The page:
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Operations During COVID-19

SPM: Bruker Dimension Icon

Overview

Scanning probe microscopy (SPM) describes a family of measurement methods that utilize a small physical probe, rather than a beam of light or electrons, to scan the surface of the sample. Atomic force microscopy (AFM) is a subgroup of the SPM family, as it relies on long range attractive or short range repulsive interactions between the atoms in the tip and the atoms on the specimen to detect the sample surface. This allows for accurate 3-dimensional mapping with sub-nanometer XYZ resolution, but also opens doors to a variety of other investigations that can benefit from direct, and controlled, physical contact between a nanoscale tip and the sample.

Bruker Dimension Icon is considered the global standard for a high end atomic force microscope, widely utilized in both academic research and industrial production settings. It is a large sample, tip-scanning system equipped with acoustic and vibration isolation, allowing for high stability and precision during measurements. The intuitive software, which includes partial parameter automation (ScanAsyst™), helps beginner users quickly become accustomed to the instrument, while the 8 inch wafer chuck provides ample space for a variety of sample shapes and sizes. In addition, the instrument is equipped with several optional packages that allow for mechanical property mapping (Modulus, adhesion, etc.; PeakForce QNM™), conductivity mapping (PeakForce TUNA™), and Kelvin Probe measurements (work function, surface potential; PeakForce KPFM™).

Select options and specifications:

  • 8 inch wafer vacuum chuck, capable of holding a variety of sample shapes and sizes up to 15mm thick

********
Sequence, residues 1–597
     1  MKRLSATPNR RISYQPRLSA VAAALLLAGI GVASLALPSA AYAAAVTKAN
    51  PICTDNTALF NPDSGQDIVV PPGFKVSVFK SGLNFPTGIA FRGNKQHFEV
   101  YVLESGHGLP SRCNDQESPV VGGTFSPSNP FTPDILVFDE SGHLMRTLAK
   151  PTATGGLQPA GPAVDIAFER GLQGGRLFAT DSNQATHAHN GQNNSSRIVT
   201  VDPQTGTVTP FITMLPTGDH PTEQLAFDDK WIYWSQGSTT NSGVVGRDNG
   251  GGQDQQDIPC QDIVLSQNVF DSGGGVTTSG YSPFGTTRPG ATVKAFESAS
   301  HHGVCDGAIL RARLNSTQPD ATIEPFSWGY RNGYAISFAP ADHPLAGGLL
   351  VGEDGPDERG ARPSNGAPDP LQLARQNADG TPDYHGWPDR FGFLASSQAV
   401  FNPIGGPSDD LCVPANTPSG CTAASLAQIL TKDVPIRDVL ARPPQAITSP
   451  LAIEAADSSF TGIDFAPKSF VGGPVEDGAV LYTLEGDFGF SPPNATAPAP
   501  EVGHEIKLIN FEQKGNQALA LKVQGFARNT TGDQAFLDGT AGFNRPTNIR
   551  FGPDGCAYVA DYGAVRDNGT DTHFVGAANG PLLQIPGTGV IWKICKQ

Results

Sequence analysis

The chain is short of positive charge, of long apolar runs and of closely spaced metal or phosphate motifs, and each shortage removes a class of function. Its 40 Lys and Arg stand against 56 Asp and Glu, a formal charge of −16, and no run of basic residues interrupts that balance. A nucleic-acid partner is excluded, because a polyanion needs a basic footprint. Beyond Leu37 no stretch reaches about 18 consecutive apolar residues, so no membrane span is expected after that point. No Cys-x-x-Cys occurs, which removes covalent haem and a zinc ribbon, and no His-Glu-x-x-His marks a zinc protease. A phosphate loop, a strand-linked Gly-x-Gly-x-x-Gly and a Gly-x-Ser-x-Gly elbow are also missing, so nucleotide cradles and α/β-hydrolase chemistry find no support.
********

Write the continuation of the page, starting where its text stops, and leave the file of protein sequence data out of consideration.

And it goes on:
• 90um x 90um x 12um XYZ closed loop scanner with less than 15pm (!) Z noise
  • Vibration/acoustic isolation enclosure
  • ScanAsyst topography mode with automatic parameter adjustment
  • PeakForce QNM for fast nanomechanical mapping
  • PeakForce TUNA for conductive AFM combined with nanomechanical mapping
  • PeakForce KPFM suite, allowing for variety of KPFM measurement, including amplitude modulated (AM), frequency modulated (FM), and high voltage (HV), in combination with PeakForce or Tapping imaging modes
  • Traditional suite of standard imaging modes, including Contact, Tapping (aka. Non-contact), LFM, PFM, MFM/EFM, etc.

Research Examples

Carbon Nanotubes on Quartz – Marcin Walkiewicz (sample courtesy of Gregory Pitner)
Greyscale lithography pattern – Marcin Walkiewicz (sample courtesy of Tom Carver)
Polystyrene – Low Density Polyethylene blend (PS-LDPE) – Marcin Walkiewicz. Left: few LDPE droplets on PS surface. Right: close up image of the LDPE polymer

Getting Started and Training Information

In order to become a qualified user on the Bruker Dimension Icon, you need to follow each of these steps in the order as listed here:

  1. Complete the process to become a lab member of SNSF and follow the instructions to activate a Badger account.
  2. Complete the SNSF COVID-19 Authorization protocol and receive notification of authorization.
  3. Complete the Theory, Practical, and Assessments tabs of the online training module (save the “Virtual SPM” image and screenshot of “Assessment Score”).
  4. Complete the SPM New User Intake Form.

Basic training for SPM requires one 2-hour group session followed by a second, one-on-one session, ideally with the trainee’s own sample. Those interested in training should contact the SPM lab managers to make an appointment. Additional training in specific SPM techniques will be available on as as-needed basis following completion of the basic training.